DemDaily: What We Know About The Recount

November 29, 2016
It has been a busy start to the holiday season! For those just returning from vacation, or post-election hibernation, the presidential is still not quite over.
The Recount
Last Wednesday, November 23th, Green Party candidate Jill Stein announced a "recount" effort in the three battleground states of Wisconsin, Michigan, and Pennsylvania -- all states that were lost by Hillary Clinton and won by President-elect Donald Trump.
Stein, who received less than 135,000 votes in the three states, said she is motivated to "hold the institutions of democracy accountable;" and was encouraged to file for a recount by data experts and election lawyers who cite voting irregularities and possible security breaches that could have manipulated the results of elections in those states.
"The campaign is grateful to all those who have expended time and effort to investigate various claims of abnormalities and irregularities. While that effort has not, in our view, resulted in evidence of manipulation of results, now that a recount is underway, we believe we have an obligation to the more than 64 million Americans who cast ballots for Hillary Clinton to participate in ongoing proceedings to ensure that an accurate vote count will be reported."
Marc Elias, Clinton Campaign General Counsel
According to University of Michigan's J. Alex Halderman, "The only way to know whether a cyberattack changed the result is to closely examine the available physical evidence - paper ballots and voting equipment. Unfortunately, nobody is ever going to examine that evidence unless candidates in those states act now ... to petition for recounts."
On Saturday, Hillary Clinton's Campaign officially joined the recount effort in Wisconsin with
representatives on the ground monitoring the count.
Since announcing the effort on November 23rd, Stein has raised over $7 million for the Green Party's recount fund, which goes to state filing fees, the legal team and the cost of recount observers in each state.
Note: Stein stated surplus funds would be used toward "election integrity efforts and to promote voting system reform."  FEC rules state that surplus funds may be donated to a charity or political party, but cannot be used for personal benefit. Any additional use would have to be approved by the FEC.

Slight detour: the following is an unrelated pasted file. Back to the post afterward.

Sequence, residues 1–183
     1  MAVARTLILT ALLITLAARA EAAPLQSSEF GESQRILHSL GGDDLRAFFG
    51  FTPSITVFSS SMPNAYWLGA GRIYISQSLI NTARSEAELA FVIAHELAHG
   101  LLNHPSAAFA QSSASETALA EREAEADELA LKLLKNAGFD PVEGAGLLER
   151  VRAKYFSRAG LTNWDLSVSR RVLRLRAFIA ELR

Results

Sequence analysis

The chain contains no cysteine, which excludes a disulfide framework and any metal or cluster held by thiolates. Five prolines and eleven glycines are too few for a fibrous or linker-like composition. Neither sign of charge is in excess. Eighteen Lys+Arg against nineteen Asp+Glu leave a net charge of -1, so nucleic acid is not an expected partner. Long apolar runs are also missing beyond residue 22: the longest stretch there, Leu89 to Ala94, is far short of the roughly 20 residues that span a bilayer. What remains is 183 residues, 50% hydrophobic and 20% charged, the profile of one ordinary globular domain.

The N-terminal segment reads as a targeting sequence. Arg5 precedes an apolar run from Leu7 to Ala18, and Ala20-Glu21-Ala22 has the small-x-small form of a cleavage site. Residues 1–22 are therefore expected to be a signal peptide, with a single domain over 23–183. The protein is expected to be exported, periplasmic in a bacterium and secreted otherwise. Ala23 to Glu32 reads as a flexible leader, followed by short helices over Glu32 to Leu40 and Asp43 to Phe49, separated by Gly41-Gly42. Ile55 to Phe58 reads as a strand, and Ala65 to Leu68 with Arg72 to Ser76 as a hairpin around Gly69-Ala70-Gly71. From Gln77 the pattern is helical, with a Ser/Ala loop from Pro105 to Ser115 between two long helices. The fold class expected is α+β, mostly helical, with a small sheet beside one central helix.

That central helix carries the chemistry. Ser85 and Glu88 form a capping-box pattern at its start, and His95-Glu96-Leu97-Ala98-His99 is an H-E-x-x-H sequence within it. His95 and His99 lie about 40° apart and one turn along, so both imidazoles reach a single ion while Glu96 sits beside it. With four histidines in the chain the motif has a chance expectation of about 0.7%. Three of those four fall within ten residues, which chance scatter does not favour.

The requirements for a "recount" or what is actually an audit, varies in each state.

WISCONSIN (Electoral Votes: 10)
Trump: 1,404,000
Clinton: 1,381,000
Stein: 31,000
Current margin between Trump and Clinton:  23,000
Status: The Wisconsin Elections Commission agreed Friday (11/25) to begin a recount of the presidential election as long as the estimated $3.5 million cost was paid by today.

The Stein Campaign sued after the agency declined to require county officials to recount the votes by hand and is awaiting a decision by the Dane County Circuit Court before the recount begins this Thursday.
MICHIGAN (Electoral Votes: 16)
Trump: 2,280,000
Clinton: 2,268,000
Stein: 51,000
Current margin between Trump and Clinton: 12,000
Status:  Stein plans to file with the Board of State Canvassers tomorrow (11/30). Under state law, Trump can challenge the request.

PENNSYLVANIA (Electoral Votes: 20)
Trump: 2,913,000
Clinton: 2,845,000
Stein: 49,000
Current margin between Trump and Clinton: 68,000
Status: For a recount, the Keystone state requires that a candidate must win a lawsuit based on evidence of voting irregularities, or get three voters in each of its 9,163 voting precincts to request a recount. Stein filed a lawsuit Monday, while supporters began filing recount requests at the precinct level.
Could the recount change the outcome of the election?
There's no precedent for a recount overturning a margin even close to those in the three states, but there are many things about this election that are unprecedented.
Any recount must be done by the federal deadline of December 13th - or lose that state's electoral votes in the final tally December 19th.
While technically possible, Clinton would have to overcome her vote deficits in all three states in order to wrest the electoral votes necessary to overcome Trump.
Clinton still leads the popular vote by approximately 64,470,000 to Trump's 62,380,000 despite Trump's 306-232 win in the Electoral College.
DemList will keep you informed on all developments!
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Kimberly Scott

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